|Publication number||US4511732 A|
|Application number||US 06/488,317|
|Publication date||Apr 16, 1985|
|Filing date||Apr 25, 1983|
|Priority date||Mar 15, 1982|
|Publication number||06488317, 488317, US 4511732 A, US 4511732A, US-A-4511732, US4511732 A, US4511732A|
|Inventors||Darrell D. Hicks|
|Original Assignee||Celanese Corporation|
|Export Citation||BiBTeX, EndNote, RefMan|
|Patent Citations (12), Non-Patent Citations (2), Referenced by (17), Classifications (9), Legal Events (10)|
|External Links: USPTO, USPTO Assignment, Espacenet|
This Application is a Continuation-In-Part of Ser. No. 357,960 filed Mar. 15, 1982, now abandoned.
This invention relates to epoxide-based photocurable compositions and to processes for preparing these compositions. More particularly this invention relates to polyacrylate- or methacrylate-containing photocurable monomers which are of relatively low viscosity and yet possess a cure response equivalent to other epoxide-based photocurable monomers.
For many years it has been known to prepare polyacrylic- or methacrylic-based monomers by reacting acrylic or methacrylic acid with a polyglycidyl ether, such as the diglycidyl ether of Bisphenol A. Examples of patents which involve the use of these compositions in photocurable systems include U.S. Pat. Nos. 4,072,592; 3,676,398 and 3,770,602. In addition, in at least one instance in the prior art, a polyglycidyl ether has been reacted with a polyol or a polyol ether and the resulting product reacted with acrylic acid or methacrylic acid. See U.S. Pat. No. 2,890,202, issued June 9, 1959. However, the product disclosed in this patent is not shown to be useful as a photocurable monomer.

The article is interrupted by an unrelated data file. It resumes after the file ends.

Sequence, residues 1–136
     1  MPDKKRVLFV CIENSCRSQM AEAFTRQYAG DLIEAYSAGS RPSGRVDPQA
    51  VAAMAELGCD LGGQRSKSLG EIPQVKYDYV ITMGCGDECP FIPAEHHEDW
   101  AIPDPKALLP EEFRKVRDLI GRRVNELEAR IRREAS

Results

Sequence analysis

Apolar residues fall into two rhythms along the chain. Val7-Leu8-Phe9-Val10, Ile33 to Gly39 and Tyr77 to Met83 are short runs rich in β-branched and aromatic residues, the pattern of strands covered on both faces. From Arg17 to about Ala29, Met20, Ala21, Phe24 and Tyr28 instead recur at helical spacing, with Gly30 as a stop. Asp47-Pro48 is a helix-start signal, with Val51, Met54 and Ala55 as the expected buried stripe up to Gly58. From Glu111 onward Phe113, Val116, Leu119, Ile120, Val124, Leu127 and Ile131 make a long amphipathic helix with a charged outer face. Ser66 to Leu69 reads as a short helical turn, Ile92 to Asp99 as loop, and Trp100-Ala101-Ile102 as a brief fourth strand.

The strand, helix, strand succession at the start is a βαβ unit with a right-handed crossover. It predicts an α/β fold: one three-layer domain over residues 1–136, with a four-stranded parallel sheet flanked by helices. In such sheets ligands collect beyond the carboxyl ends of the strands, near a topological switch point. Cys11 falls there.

The polyacrylic or methacrylic esters of polyglycidyl ethers have been particularly useful in protective coatings because of their rapid cure rates, high degree of toughness and good chemical resistance. However, their extremely high, neat viscosity has been a serious drawback, particularly in those photocurable systems where the presence of a solvent would significantly reduce the cure time of the system. Because nearly all acrylic or methacrylic esters of polyglycidyl ethers are resinous and of extremely high viscosity, often approaching 5,000,000 cps, it is virtually impossible to use these materials without at least employing some solvent or diluent.
Thus, it is an object of this invention to prepare photocurable monomers which are acrylate or methacrylate esters of polyglycidyl-containing compounds.
It is another object of this invention to prepare such acrylic or methacrylic esters having viscosities sufficiently low to allow their use in essentially 100% solids photocurable systems without the necessity of employing diluents or solvents.
It is another object of this invention to prepare photocurable compositions which are of low viscosity, but at the same time maintain the relatively high degree of cure rate present in prior art acrylic or methacrylic esters of polyglycidyl ethers.
These and other objectives are obtained by preparing the compositions of the instant invention.
Basically, the compositions of the instant invention are represented by the general formula: ##STR2## wherein R is hydrogen or methyl, R' is C1 -C8 alkyl or C3 -C8 alkyl ether alkyl, and A is the aromatic or aliphatic residue of a diol or the diacyl aliphatic or aromatic residue of a dicarboxylic acid. The compositions of this invention in their preferred state may be described as the dialkyl ether of the diacrylate ester of the diglycidyl ether of a dihydric phenol. In addition, this invention involves a novel process for preparing these compounds, which comprises reacting an aliphatic alcohol or aliphatic ether alcohol with a diepoxide compound, i.e., a diglycidyl ether or ester and esterifying the secondary hydroxyl group which result with acrylic or methacrylic acid. The diglycidyl ether or ester can be represented by the formula: ##STR3## wherein A has the same definition as described in the Summary of the Invention.